i think a lot of postwar architecture boils down to an ego trip
I mean...kind of? The theory behind these "modern art" pieces is wild. Eisenman's collection pulled upon broad depths of theory. People who understand the basis of thought will understand the ego and appreciate the work.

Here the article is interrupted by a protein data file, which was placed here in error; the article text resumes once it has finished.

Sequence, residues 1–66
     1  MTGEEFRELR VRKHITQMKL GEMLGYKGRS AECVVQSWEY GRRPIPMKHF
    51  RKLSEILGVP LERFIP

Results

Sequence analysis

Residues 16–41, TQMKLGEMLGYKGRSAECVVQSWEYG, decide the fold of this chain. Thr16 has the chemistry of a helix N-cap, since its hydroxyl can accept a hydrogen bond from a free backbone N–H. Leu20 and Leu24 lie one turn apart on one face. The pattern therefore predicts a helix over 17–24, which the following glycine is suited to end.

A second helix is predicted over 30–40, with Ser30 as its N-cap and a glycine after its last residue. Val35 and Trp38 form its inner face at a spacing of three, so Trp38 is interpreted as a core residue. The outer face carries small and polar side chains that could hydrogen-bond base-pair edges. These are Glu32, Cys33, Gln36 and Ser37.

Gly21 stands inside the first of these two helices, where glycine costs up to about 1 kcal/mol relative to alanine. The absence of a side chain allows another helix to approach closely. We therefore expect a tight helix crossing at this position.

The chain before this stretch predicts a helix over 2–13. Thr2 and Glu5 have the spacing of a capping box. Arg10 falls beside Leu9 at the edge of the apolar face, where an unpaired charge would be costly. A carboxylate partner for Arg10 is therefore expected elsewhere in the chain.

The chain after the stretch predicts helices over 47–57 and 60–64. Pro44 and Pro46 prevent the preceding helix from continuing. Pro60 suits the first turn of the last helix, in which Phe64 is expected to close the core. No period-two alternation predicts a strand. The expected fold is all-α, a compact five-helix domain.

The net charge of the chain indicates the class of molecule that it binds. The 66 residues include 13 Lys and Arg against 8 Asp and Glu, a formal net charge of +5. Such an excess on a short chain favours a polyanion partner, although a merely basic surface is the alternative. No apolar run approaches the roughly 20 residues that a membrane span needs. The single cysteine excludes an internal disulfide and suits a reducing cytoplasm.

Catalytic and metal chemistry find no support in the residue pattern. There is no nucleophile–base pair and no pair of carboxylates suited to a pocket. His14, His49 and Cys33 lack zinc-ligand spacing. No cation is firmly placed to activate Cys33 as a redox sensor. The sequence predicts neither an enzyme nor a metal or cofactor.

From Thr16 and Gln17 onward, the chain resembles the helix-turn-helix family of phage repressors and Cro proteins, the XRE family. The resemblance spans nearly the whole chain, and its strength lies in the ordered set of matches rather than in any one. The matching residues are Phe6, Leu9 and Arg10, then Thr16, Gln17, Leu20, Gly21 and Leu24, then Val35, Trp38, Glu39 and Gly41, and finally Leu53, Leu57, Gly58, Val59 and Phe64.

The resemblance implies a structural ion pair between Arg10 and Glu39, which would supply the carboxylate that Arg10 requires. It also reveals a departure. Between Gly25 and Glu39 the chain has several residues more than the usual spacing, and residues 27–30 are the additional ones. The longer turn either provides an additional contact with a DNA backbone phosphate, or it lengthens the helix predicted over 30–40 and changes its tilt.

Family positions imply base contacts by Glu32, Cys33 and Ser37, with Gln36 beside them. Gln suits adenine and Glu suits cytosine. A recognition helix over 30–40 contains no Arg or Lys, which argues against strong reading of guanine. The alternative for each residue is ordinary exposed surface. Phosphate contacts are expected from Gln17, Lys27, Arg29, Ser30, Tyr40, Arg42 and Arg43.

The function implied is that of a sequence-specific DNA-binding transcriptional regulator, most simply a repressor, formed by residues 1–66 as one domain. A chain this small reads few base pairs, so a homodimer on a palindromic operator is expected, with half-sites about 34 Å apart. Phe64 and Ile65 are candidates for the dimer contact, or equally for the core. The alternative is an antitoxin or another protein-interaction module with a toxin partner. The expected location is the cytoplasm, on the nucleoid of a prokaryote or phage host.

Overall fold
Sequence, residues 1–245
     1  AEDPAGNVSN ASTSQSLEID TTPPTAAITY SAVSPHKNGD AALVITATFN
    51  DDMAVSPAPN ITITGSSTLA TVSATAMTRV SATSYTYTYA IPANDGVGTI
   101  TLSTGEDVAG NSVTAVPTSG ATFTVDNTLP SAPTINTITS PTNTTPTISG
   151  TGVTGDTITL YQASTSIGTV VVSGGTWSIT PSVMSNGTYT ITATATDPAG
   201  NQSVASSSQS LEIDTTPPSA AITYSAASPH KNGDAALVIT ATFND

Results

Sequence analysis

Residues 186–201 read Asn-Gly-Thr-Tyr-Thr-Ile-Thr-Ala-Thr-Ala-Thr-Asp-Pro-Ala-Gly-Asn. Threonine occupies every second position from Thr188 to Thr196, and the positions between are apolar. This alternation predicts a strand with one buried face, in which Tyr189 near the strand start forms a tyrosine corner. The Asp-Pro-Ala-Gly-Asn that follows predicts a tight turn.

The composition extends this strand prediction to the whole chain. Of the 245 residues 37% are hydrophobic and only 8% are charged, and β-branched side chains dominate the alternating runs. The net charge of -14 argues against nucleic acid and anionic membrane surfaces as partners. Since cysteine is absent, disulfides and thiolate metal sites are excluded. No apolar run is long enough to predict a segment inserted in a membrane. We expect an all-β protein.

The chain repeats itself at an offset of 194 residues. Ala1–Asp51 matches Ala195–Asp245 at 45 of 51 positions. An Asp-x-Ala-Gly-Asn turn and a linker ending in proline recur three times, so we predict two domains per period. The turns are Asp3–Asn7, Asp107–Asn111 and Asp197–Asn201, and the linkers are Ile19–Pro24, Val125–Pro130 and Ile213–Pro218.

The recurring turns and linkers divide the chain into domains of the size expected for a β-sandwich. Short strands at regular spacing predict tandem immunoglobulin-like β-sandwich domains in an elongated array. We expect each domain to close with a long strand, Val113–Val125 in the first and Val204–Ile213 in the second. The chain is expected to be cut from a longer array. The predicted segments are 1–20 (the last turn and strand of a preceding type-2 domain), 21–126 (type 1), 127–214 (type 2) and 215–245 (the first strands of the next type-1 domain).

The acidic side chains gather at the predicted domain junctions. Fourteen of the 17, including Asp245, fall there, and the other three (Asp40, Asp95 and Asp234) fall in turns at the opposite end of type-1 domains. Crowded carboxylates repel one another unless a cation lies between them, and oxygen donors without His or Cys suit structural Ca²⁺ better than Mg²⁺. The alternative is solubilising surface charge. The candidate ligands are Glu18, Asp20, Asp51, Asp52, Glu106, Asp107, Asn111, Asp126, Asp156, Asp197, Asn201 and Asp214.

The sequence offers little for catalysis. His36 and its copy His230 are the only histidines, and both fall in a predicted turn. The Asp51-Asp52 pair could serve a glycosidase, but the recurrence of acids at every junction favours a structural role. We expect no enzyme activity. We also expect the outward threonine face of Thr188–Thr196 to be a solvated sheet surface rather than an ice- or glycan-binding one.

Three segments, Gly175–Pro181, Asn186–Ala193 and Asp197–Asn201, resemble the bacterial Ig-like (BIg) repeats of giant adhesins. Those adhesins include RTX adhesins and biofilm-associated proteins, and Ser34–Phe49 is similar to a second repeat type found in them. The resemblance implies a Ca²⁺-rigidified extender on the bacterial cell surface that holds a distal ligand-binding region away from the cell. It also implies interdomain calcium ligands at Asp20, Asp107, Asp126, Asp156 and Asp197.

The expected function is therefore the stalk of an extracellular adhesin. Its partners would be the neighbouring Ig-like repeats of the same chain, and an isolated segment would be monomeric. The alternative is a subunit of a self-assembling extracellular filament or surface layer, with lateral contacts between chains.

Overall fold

I think a clearer distinction is that architects in the modern age are finding a stronger expressive link in their work rather than to the client. That's the distinction I made above between Alexander and Eisenman RE: Eishin vs. House VI. It's also the dynamic of public opinion that KB got at above - in short, public opinion barely matters to whether something gets built or not. In the case of public-facing architecture, the weakening of the non-paying, only-observing client link appears as (and is!) a strengthening of the architect's ego. With public/client opinion backseated, any artist will create with and from what they know, which will always be an ego-expression. There's no way around it.